Hello Destructoid people. My name is Lasse and I'm from the country of beer and sausages: Germany. I prefer strange Japanese games. My favorite series of all time is Pop'n Music, which I'm still bad at and can't clear anything above a difficulty rating of 38. BEMANI FOR LIFE!
Noby Noby Boy
Yesterday was a Super Street Fighter IV event in Hamburg, Germany. Capcom invited press and some players from the German community to meet Yoshinori Ono, the producer of the game. Of course I went there too.
I played a match against him and won. (Actually he let me win, because he is such a nice guy.)
Pikachu (ピカチュウ Pikachū?) is one of the fictional species of Pokémon creatures from the Pokémon media franchise—a collection of video games, anime, manga, books, trading cards, and other media created by Satoshi Tajiri. As do all Pokémon, Pikachu fight other Pokémon in battles central to the anime, manga, and games of the series. Pikachu is among the most recognizable Pokémon, largely because a Pikachu is a central character in the Pokémon anime series. Pikachu is widely considered the most popular Pokémon, is regarded as the official mascot of the Pokémon franchise, and has become an icon of Japanese culture in recent years.
In the Pokémon franchise, Pikachu are often found in houses, forests, plains, and occasionally near mountains, islands, and electrical sources (such as power plants), on most continents throughout the fictional world. As an Electric-type Pokémon, Pikachu can store electricity in its cheeks and release it in lightning-based attacks.
December 2008 the Sega released a Chunsoft developed visual Novel for the Nintendo Wii. Surprisingly the game was loved by game critics in Japan with Famitsu giving it a perfect score of 40/40. Sadly that was the only news about the game to reach the west. In September 2009 the game was ported to the PSP and the PlayStation 3 and during my trip to Japan this summer I picked up the game.
The game starts really simple with a single storyline. Like in most other visual novels you can make choices at certain points and determine the outcome of the story line, but no matter what you do after about 10-20 minutes the story line ends with a BAD END. But this isn't the end of the game, instead of going back and changing your choices, you can switch to another storyline with a different main character. With the choices you make in the second storyline you can change the fate of the first character and avert the BAD END.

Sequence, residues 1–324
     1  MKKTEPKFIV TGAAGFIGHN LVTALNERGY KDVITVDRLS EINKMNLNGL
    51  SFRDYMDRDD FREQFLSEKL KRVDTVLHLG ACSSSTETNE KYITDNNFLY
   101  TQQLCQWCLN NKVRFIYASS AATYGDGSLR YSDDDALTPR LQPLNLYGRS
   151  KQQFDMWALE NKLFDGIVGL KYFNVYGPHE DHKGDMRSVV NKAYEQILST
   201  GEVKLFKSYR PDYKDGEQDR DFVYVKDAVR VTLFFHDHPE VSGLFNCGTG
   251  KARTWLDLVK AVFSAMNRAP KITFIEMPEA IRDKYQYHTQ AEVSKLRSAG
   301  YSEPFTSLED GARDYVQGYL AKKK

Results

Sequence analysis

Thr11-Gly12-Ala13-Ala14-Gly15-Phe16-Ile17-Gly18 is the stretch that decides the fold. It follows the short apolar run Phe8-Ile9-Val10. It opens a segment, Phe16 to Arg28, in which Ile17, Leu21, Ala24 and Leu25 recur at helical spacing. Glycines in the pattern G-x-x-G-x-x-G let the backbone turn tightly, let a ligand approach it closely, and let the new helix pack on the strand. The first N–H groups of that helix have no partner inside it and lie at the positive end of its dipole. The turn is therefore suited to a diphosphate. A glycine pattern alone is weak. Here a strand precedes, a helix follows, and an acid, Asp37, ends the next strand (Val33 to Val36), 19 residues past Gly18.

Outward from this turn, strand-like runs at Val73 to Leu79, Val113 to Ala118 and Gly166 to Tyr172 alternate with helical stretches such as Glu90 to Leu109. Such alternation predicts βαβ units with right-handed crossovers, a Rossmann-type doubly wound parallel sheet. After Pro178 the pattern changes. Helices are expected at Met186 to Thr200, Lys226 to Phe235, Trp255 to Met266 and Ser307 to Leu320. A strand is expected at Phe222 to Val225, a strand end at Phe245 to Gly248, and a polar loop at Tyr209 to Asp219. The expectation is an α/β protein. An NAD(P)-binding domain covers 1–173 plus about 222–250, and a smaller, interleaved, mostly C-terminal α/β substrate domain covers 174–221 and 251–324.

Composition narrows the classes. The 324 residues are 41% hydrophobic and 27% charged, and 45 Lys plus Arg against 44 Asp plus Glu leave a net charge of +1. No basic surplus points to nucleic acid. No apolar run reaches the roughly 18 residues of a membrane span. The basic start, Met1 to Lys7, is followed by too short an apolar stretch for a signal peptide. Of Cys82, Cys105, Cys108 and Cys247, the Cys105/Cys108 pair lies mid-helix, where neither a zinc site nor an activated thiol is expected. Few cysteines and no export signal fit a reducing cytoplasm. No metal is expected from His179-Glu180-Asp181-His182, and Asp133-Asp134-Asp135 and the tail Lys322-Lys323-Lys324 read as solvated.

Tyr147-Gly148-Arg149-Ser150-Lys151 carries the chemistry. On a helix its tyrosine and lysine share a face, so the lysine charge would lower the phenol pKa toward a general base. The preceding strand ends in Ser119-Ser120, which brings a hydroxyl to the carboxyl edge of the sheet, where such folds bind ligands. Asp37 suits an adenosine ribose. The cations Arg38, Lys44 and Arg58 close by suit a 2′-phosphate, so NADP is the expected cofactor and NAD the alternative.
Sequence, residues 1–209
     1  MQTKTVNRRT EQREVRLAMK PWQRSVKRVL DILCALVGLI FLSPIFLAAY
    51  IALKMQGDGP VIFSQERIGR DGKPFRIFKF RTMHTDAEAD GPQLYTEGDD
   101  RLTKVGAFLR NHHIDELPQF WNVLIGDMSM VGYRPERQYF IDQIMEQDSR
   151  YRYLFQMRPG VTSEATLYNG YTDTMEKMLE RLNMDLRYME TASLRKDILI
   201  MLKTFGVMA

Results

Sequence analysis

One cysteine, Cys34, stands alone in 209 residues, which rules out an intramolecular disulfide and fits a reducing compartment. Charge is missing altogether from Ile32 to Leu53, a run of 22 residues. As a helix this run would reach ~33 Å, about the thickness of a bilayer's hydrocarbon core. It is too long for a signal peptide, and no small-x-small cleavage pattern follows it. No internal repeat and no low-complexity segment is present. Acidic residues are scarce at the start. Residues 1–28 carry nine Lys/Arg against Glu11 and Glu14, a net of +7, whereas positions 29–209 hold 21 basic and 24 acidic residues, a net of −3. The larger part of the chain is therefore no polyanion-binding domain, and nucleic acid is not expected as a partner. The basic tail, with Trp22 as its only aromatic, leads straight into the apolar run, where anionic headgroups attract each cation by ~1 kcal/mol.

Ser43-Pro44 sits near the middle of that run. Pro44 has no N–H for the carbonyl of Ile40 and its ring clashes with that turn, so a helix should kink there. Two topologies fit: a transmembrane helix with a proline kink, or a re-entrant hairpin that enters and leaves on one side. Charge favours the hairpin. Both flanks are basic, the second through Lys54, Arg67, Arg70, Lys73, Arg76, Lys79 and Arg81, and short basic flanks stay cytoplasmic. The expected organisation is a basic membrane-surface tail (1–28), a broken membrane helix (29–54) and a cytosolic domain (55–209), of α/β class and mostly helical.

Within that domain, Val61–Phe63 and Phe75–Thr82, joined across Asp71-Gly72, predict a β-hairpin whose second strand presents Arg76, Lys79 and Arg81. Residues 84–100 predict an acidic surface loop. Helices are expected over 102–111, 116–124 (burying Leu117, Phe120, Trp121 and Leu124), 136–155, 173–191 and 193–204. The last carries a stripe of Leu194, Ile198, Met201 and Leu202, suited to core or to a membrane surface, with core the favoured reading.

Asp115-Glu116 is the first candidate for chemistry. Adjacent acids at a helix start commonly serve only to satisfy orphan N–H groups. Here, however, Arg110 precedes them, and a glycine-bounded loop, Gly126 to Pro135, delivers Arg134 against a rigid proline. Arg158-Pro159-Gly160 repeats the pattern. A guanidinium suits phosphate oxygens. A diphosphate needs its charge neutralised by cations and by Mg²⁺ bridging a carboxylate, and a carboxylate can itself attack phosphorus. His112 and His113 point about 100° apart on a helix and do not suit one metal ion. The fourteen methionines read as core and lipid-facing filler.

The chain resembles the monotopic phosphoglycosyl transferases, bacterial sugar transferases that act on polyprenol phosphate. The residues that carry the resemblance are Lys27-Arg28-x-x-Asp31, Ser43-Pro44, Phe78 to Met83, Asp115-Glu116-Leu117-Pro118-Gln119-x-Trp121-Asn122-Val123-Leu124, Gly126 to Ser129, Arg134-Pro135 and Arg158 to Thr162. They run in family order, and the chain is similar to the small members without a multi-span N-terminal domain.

Also at some points in a story line, you will be stopped by a KEEP OUT sign. To make this sign disappear, you have to advance in another story line until you spot a certain keyword and jump via the hint function to the other story line.
The game is divided in episodes and you have to reach the TO BE CONTINUED screen with all characters. If one character makes it there but another one ends with a BAD END you have to change something. The first episode keeps it rather simple with only 2 parallel story lines, but later you have up to five different characters, that all influence each other. To make things easier for the player, you can read a hint after a BAD END, that will hopefully tell you what choices you will have to change.
Without the jumping and changing different story lines, the game would be just a simple well-written novel (There is also a novel version of the game released in book form in Japan), but with the unique features of a game the story telling gets completely different. Of course there are parts, that mainly focus on just reading, but other times it is more like a puzzle to not end in a BAD END. What makes it even more fun, is the fact that most BAD ENDs are actually either quite funny or at least interesting for the story as a whole. Questions like "What would have happened if the cop went to marry his girlfriend and become a farmer instead of solving this case?" get answered this way. For completionists there are 85 endings to be found in the game.
Even after finishing the game there are two bonus scenarios and a hidden scenario to be found in the game. One of the bonus scenario is a really cute heartwarming story of the little sister, who is in a hospital, of one of the main characters. The other one is the story of Canaan, a female elite mecanary, that plays a major role in the major but is not a main character. The Canaan arc was actually written by Kinoko Nasu from Type-Moon and also spawned an anime series, that aired in Japan this summer.